The recency effect—that the most recent observations have the largest impact on an individual’s memory and, consequently, on perception—is a well-documented cognitive bias. This bias could impact investment behavior if individuals focus only on the most recent returns and project them into the future. Such behavior may lead investors to experience a reduction in their risk tolerance (which, in turn, can lead to selling) after a bear market, when valuations are lower and expected returns are higher. Conversely, recency may lead investors to experience an increase in their risk tolerance (which, in turn, can lead to buying) after a bull market, when valuations are now higher and expected returns are lower.
The Recency Effect
The recency effect nudges investor behavior in a direction contradictory to economic theory, which states that relative risk aversion is a function of increasing wealth (the marginal utility of wealth declines as wealth increases). Strong market returns would increase investor wealth, and thus we should see a reduction in investor risk tolerance.
Rui Yao and Angela Curl—authors of a 2011 study, Do Market Returns Influence Risk Tolerance? Evidence from Panel Data, which appeared in the Journal of Family and Economic Issues—hypothesized that the recency effect would dominate rational economic behavior. They posited that risk aversion is negatively related to recent market returns (or, in other words, that risk tolerance is positively related to recent market returns).
Their study used data from the 1992, 1998, 2000, 2002 and 2006 interview waves of the Health and Retirement Study (HRS), an ongoing biannual study conducted by the University of Michigan and funded through the National Institute of Aging. The target population for the HRS is noninstitutionalized men and women, born from 1931 to 1941, living in the contiguous United States. Based on responses to a set of income gamble questions, researchers assigned participants to a risk tolerance level for each wave: most risk tolerant, second-most risk tolerant, third-most risk tolerant and least risk tolerant. Stock market performance was measured as a continuous variable using the S&P 500 Index’s trailing 12-month returns prior to each interview. The following is a summary of the authors’ findings:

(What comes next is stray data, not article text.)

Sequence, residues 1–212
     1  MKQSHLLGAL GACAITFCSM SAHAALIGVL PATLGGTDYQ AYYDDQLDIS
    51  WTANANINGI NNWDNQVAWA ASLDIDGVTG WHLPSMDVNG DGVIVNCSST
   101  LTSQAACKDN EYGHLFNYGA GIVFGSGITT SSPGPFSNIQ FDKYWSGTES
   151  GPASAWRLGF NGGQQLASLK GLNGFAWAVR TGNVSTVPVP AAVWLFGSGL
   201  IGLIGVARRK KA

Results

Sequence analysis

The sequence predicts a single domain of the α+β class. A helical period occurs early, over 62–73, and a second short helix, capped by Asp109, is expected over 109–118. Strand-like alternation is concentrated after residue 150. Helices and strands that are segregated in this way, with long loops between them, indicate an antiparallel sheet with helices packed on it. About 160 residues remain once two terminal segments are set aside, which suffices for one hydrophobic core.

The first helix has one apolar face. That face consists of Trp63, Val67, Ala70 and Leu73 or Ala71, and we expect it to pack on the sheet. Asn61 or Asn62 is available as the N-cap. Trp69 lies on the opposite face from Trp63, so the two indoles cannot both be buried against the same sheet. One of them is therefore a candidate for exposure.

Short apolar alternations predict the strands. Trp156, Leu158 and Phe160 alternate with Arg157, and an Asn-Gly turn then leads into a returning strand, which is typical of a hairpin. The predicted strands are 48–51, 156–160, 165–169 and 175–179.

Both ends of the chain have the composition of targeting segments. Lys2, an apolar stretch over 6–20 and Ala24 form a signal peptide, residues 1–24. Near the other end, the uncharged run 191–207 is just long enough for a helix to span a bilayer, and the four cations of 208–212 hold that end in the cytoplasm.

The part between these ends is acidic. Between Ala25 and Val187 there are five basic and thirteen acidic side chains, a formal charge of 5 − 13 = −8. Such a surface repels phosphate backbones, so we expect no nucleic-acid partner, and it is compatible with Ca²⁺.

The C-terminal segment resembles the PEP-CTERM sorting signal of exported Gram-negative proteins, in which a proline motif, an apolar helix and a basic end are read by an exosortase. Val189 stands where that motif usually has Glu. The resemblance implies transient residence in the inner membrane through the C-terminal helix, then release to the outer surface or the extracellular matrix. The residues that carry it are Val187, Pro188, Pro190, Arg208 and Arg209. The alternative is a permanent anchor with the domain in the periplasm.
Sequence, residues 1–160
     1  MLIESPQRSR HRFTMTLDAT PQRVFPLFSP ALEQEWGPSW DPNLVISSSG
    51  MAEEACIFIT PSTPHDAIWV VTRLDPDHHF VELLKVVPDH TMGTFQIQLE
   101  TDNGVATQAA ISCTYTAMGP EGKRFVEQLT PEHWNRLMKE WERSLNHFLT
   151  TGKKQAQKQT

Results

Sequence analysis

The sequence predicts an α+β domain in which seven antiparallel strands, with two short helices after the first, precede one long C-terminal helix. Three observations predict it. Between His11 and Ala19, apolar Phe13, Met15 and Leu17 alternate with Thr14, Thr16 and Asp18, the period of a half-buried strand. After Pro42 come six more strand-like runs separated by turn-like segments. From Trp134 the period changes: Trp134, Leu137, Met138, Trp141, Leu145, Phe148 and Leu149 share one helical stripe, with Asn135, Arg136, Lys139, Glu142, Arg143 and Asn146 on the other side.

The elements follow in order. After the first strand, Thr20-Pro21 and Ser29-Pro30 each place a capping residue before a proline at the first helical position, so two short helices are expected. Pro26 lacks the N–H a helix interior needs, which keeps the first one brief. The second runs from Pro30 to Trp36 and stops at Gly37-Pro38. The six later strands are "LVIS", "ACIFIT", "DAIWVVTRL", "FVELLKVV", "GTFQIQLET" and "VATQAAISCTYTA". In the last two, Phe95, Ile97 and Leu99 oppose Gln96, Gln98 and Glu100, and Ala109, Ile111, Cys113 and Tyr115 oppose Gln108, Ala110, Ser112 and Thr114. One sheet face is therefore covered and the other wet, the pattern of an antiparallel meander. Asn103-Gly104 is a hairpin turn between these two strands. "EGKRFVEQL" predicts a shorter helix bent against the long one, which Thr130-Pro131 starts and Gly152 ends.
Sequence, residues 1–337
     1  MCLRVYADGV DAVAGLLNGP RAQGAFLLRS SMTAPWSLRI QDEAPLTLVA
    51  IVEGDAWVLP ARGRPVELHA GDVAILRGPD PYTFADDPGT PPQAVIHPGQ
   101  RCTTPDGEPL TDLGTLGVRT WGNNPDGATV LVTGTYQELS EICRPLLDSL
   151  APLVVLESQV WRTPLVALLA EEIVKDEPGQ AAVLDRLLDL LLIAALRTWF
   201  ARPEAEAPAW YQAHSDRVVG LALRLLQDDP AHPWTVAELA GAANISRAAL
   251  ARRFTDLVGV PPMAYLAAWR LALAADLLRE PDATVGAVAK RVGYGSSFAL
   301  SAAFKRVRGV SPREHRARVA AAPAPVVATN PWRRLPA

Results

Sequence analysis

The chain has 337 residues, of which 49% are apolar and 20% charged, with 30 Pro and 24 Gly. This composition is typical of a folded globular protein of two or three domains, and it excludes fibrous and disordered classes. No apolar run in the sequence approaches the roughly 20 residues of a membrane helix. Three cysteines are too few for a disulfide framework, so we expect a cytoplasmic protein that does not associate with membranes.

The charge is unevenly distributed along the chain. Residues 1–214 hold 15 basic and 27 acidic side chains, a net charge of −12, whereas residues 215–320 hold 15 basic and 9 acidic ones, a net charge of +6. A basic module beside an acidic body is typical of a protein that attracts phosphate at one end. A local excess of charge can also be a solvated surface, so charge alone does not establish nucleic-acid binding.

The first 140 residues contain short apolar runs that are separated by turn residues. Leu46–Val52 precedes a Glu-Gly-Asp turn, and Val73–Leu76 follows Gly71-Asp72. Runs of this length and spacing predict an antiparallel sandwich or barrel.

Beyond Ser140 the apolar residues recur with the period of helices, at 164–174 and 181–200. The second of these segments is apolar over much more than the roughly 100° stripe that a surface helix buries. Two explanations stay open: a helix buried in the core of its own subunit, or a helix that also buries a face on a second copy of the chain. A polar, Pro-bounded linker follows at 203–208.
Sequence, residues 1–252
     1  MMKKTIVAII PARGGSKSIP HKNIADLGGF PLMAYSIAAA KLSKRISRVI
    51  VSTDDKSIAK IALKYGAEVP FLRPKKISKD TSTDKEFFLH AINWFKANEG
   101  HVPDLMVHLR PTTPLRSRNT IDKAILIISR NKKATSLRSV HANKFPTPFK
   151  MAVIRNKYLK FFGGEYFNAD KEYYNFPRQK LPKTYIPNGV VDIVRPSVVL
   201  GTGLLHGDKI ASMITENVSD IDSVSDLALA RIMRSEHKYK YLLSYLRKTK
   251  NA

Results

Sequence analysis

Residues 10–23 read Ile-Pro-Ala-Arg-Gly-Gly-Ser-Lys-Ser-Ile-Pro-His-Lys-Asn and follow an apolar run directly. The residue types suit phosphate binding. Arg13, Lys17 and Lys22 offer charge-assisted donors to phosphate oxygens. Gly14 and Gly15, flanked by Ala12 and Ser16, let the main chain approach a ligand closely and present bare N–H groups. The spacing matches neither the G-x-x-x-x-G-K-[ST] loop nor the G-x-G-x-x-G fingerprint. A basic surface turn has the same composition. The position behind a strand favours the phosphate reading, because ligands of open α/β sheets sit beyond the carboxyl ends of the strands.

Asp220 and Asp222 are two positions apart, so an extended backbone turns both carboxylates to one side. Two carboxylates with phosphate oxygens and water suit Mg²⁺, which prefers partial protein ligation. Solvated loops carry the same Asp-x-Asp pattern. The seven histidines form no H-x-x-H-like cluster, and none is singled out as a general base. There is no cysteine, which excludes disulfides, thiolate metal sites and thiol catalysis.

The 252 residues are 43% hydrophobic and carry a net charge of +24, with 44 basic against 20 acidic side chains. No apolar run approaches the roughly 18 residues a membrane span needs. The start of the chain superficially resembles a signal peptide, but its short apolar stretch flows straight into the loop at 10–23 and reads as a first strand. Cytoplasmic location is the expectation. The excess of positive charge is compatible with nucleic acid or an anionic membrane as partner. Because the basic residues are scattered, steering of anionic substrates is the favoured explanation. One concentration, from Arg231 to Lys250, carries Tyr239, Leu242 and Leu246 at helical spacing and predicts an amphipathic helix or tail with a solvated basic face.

- Consistent with the recency theory and their hypothesis, there was a significant positive linear relationship between S&P 500 returns and respondent risk tolerance.
- Controlling for time and other independent variables, a one percentage point increase in market returns increased the probability of taking substantial or high risk by 1%. A one-standard-deviation increase in S&P 500 returns increased the likelihood of taking substantial or high risk by 15.7%.
- When the stock market is falling, average monthly investor risk tolerance scores are strongly correlated with changes in the S&P 500. However, when stock prices start to rise, changes in average risk tolerance seem to be largely uncorrelated with the market.
Yao and Curl also found that:
- Each additional year of age above the sample mean decreased the likelihood of taking some risks by 2%—consistent with theory and prior research showing that the likelihood of being in the high-risk or some-risk groups decreases as people age.
- Men tended to be more risk tolerant than women. This finding, which might be called the “testosterone factor,” is consistent with the findings of Brad Barber and Terrance Odean in the study Boys Will Be Boys: Gender, Overconfidence, and Common Stock Investment.